[vlc-devel] Re: Clock synchro problems - proposed solution

Marian Durkovic md at bts.sk
Wed Nov 9 11:13:35 CET 2005

Hi Sigmund,

  thanks for your comments and let me add some more info.

> As for several pcr at once this is an
> error and at least vlc will output a warning if sends such a packet, but
> vlc is not the only source of streams for vlc to read, so we should
> probably do an attempt to handle this gracefully.

Yes, there are things like 112 kbps or even smaller MP3 streams, and at those
bitrates 3 PCR/PTSs are typically inside one packet - since the streaming
servers want to send packets close to MTU and not e.g. 300 byte packets.
But if you don't process every PCR but instead check clock drift once per
second as I've proposed, this does not matter anymore.

> My gut feeling tells me a larger cr-average should smooth it better.

This doesn't seem to be the case. Maybe due to rounding errors, but I've
identified several streams where increasing CR-average doesn't help, but
if PCRs are sampled once per second, the stream plays OK. My feeling here is
that if jitter is larger than the interval between two PCRs, things break
unrecoverably (?) And since NTPd typically uses 64 - 1024 seconds intervals
to sync clocks, I think doing it every 14 - 38 msec is probably not
necessary anyway.

> > - using 100 as hardcoded value into smoothing alg. to avoid rounding problems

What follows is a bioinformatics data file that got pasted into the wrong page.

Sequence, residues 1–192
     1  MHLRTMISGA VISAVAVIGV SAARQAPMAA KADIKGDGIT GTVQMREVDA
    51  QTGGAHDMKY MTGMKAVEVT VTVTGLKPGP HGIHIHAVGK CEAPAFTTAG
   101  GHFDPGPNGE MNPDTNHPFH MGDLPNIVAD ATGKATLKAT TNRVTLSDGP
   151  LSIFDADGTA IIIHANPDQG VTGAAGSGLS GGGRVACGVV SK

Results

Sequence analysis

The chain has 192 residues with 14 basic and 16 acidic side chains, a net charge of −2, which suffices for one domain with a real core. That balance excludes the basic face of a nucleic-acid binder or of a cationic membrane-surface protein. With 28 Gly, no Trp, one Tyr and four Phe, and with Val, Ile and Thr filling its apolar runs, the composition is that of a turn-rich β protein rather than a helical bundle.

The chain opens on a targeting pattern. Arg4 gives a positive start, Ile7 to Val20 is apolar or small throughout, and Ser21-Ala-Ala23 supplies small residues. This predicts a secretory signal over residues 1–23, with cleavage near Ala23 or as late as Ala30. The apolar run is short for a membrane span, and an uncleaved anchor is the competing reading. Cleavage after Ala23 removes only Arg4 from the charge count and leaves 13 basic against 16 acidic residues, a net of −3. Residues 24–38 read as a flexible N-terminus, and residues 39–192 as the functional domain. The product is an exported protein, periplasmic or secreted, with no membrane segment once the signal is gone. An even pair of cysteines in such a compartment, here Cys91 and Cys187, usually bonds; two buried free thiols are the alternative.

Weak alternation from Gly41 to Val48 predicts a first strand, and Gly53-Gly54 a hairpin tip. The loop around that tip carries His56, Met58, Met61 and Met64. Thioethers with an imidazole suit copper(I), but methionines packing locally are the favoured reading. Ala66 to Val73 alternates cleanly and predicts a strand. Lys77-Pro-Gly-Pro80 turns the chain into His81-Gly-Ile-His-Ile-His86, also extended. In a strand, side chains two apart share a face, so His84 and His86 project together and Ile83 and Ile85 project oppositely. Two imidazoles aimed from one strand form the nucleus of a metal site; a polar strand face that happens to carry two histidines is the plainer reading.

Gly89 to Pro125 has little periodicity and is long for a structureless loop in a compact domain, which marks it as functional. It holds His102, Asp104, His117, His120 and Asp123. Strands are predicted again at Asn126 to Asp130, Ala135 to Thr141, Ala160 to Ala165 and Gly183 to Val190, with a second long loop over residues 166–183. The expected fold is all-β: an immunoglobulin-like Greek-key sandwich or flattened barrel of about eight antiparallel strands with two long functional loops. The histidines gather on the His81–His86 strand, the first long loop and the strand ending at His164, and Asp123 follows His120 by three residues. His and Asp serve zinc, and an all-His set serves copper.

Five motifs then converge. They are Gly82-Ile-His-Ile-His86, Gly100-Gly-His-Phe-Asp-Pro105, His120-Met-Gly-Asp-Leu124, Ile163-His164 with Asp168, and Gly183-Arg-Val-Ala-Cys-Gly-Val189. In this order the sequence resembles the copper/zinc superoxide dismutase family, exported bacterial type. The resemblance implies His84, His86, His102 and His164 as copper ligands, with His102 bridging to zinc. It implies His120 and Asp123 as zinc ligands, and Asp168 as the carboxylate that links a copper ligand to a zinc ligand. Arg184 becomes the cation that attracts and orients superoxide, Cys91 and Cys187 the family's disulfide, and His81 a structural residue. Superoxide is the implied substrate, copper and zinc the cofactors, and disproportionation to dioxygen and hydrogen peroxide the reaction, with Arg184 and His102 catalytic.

> I don't see how this would help anything. What makes 100 better than 40
> for avoiding rounding errors? Is it worth sacrificing support for all
> those streams requiring larger cr-average?

Well, unfrortunately it's not 40. src/input/input.c seems to be increasing
this value with relation to caching-time, so if you change caching time
to something non-standard you'll end up with strange values for cr-average.
I'd at least suggest to remove this relation and use cr-average "as is"
and set it by default to 100 (40 seems to be too small since packet with
80 msec jitter will move the refclock by 2 msec and trigger resampling). 
Also my first change (clock drift processing only in 1 sec. intervals)
affects the behaviour significantly, I'd suggest to re-test streams that
currently need high cr-average values, since this might not be needed
anymore (at least all "suspect" streams on the multicast internet now
play fine without touching cr-average).

	With kind regards,


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